2014 March

The Peril of Red Eared Sliders

Posted by | Uncategorized, Wildlife Conservation, Wildlife Education | No Comments

We’re often confronted with pet owners looking to re-home their Red Eared Slider Turtles. This comes as no surprise as RES are often illegally presented and sold as adorable little hatchlings in cute little plastic lagoons complete with plastic palm trees that almost anyone would have a hard time resisting. But, do resist.

red_eared

These turtles should not be released into local ponds because they are considered an invasive species.

A law was passed in 1975 prohibiting the sale of turtles with a carapace (upper shell) length of less than 4 inches. Unfortunately this law continues to be disregarded, especially by our local flea market vendors. Not only are the vendors ignoring the importance of the law, they also don’t have much knowledge to lend to new turtle owners.

If you do own a Red Eared Slider you should know that their upper shell (carapace) can reach up to 12 inches in length. A turtle of this size requires a very large enclosure and the care doesn’t stop there. Turtles are not like your average domestic cat or dog. If well cared for, these turtles can live more than 40 years. Their care can be quite involved, costly, and requires a lot of continued maintenance. If you don’t have the conditions of your turtle enclosure just right and species specific then you will end up with a sick turtle and that will result in very costly vet bills.  Proper heat, lighting, and substrate are required to maintain a healthy turtle habitat.

Some RES owners find that the best solution is to release their turtle into a local pond. DON’T! This is the worst thing that you can do. Red Eared Sliders are considered an invasive species in South Carolina. Releasing them in local waters can cause harm not only to your pet turtle, but to the natural habitat and existence of our native turtles.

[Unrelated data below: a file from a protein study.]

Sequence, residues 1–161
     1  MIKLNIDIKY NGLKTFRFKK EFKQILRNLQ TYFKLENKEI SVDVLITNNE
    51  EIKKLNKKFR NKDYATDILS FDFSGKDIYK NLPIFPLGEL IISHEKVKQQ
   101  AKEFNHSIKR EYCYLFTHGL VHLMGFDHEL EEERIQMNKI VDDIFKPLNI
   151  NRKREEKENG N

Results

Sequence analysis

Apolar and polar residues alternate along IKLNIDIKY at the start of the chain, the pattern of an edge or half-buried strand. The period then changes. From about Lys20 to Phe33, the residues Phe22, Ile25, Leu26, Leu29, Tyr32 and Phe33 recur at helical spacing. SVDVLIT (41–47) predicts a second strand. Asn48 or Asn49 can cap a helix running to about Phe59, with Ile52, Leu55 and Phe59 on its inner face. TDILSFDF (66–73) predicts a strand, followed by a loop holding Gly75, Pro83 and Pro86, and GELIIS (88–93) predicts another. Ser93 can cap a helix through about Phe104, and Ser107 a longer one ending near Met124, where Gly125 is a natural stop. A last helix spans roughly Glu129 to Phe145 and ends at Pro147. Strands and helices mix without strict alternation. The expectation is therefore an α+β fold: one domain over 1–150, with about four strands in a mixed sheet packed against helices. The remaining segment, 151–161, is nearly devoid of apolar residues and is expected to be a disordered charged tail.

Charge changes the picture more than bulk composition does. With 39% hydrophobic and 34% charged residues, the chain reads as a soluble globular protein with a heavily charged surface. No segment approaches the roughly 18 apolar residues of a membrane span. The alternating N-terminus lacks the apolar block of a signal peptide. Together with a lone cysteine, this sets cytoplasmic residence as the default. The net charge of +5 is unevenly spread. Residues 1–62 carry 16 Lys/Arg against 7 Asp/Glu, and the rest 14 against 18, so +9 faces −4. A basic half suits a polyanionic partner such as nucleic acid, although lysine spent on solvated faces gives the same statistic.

Turtles are greatly affected by habitat loss, many native species are now protected and at risk. Invasive species of any kind being introduced into a new area will wreak havoc among native species.

Carolina Wildlife Center will be offering a Turtle Workshop this spring and invites anyone interested in these amazing creatures to come and learn. For more information about the workshop or any other turtle questions contact me, Julie McKenzie at julie@carolinawildlife.org

It’s a Baby Shower!

Posted by | Events, Fundraising, Wildlife Education | No Comments

Our season has started early, and the babies are here. Join us for our annual Baby Shower to help us get ready for the hundreds and hundreds  of wildlife babies that will come through our doors this spring. In fact, over half of the more than 3,500 animals we’re expecting this year are projected to come to us in the next three to four months.

This open house event is a great opportunity to tour The Nest, get up close with some truly amazing animals, and learn more about protecting South Carolina wildlife. And yes, we welcome Baby Gifts! Bring the whole family for some great fun!

Come by the Baby Shower for a big dose of cuteness!

Saturday, April 12
10:00 am to 4:00 pm

Sunday, April 13
1:00 to 5:00 pm

Highlights
Education animals